Trade and Environment Review 2013

Wake up before it is too Late - Make Agriculture Truly Sustainable now for Food Security in a Changing Climate

image of Trade and Environment Review 2013
The 2013 report warns that continuing rural poverty, persistent hunger around the world, growing populations, and mounting environmental concerns must be treated as a collective crisis. Urgent and far-reaching action is needed before climate change begins to cause major disruptions to agriculture, especially in developing countries. The report cites a number of trends that collectively suggest a mounting crisis, including increasing food prices, increased fertilizer use, and a decline in the agriculture growth rate. But most important of all are the persistent problems with hunger, malnutrition, and access to food. Almost 1 billion people currently suffer from hunger, and another 1 billion are malnourished, even though current global agricultural production already provides sufficient calories to feed a population of 12 to 14 billion.



The role of research and technology and extension services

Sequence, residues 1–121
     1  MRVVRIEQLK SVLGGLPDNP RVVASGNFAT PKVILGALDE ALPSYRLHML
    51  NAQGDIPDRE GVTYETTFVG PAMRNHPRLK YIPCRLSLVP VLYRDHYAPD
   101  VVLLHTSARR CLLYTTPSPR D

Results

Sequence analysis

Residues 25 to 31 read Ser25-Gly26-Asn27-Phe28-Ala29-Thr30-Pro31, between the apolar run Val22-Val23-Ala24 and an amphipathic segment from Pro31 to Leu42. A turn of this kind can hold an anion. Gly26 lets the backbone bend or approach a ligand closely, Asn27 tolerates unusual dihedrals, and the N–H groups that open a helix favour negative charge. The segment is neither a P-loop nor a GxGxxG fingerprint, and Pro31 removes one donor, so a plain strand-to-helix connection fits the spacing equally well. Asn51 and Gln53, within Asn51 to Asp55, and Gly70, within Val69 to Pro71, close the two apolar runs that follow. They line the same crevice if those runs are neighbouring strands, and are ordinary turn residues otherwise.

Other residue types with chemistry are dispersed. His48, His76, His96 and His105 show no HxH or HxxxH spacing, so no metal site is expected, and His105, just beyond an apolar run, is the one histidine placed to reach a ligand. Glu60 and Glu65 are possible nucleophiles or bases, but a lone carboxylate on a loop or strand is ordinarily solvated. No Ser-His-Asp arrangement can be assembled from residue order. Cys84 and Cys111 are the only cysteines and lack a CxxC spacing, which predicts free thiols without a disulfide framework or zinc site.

The main challenges confronting sustainable agricultural knowledge, science and technology (AKST) development relate to achieving a transition from the conventional industrial agriculture model with its high external inputs and vested interests of the main players in supplying agricultural inputs, output processing and marketing. This requires political will on the part of policymakers to implement the new course of action suggested by several specialized institutions, including the IAASTD, UNCTAD, UNER UN-DESA and the High Level Panel of Experts on Food Security and Nutrition as well as by the recent FAO-OECD Expert Meeting on Greening the Economy with Agriculture, held in September 2011. There is ample evidence in these reports to justify new investments in AKST for sustainable agriculture. Pressure at the policy level is growing due to the series of food crises, both with respect to shortages and price increases, experienced over the past few years. The tendency remains strong to continue with business as usual, which aims at quick fixes and quick results. If the repetition of the food crises that are becoming more frequent is any indication, then these quick fixes will run their course fast, with enormous negative social, environmental and economic consequences. The case for a change in paradigm is well documented. Merely fine-tuning the present systems or redefining the status quo with new terms such as "sustainable crop production intensification" or "climate smart agriculture", among others, will not bring about the paradigm shift needed. To stop the "mining" of natural capital and, in particular, to drastically reduce GHG emissions from agriculture and make it more climate resilient requires a genuine, fundamental transformation backed by additional research. Agroecology has the proper foundations to support the needed transition from where we are today to where we need to be by 2050, with all our agriculture, whether it is small or large-scale, both at the local and global levels. Agriculture and farmers need to be among the key considerations of policymakers, as people may suffer from financial crisis but they cannot survive without food and water. Agriculture should be top of the agenda in the debate on sustainable development and the green economy following the Rio+20 conference. It is only if agriculture, in its multifunctional role, takes centre stage that the other aspects of sustainable development will fall into place. The challenge for AKST is posed and the solutions for a new agricultural paradigm presented. It is now up to policymakers to swing into action. The time for more reports and debates on the merits of this or that technology has passed; we owe it to future generations to act now, and decisively, to safeguard our climate by building resilience and multifunctionality into our food systems to cope with the inevitable changes. These are the yardsticks against which we will have to measure progress towards sustainable agriculture. The AKST policies of tomorrow will need to address these challenges and develop the needed science, tools and criteria to implement the transition and measure progress.


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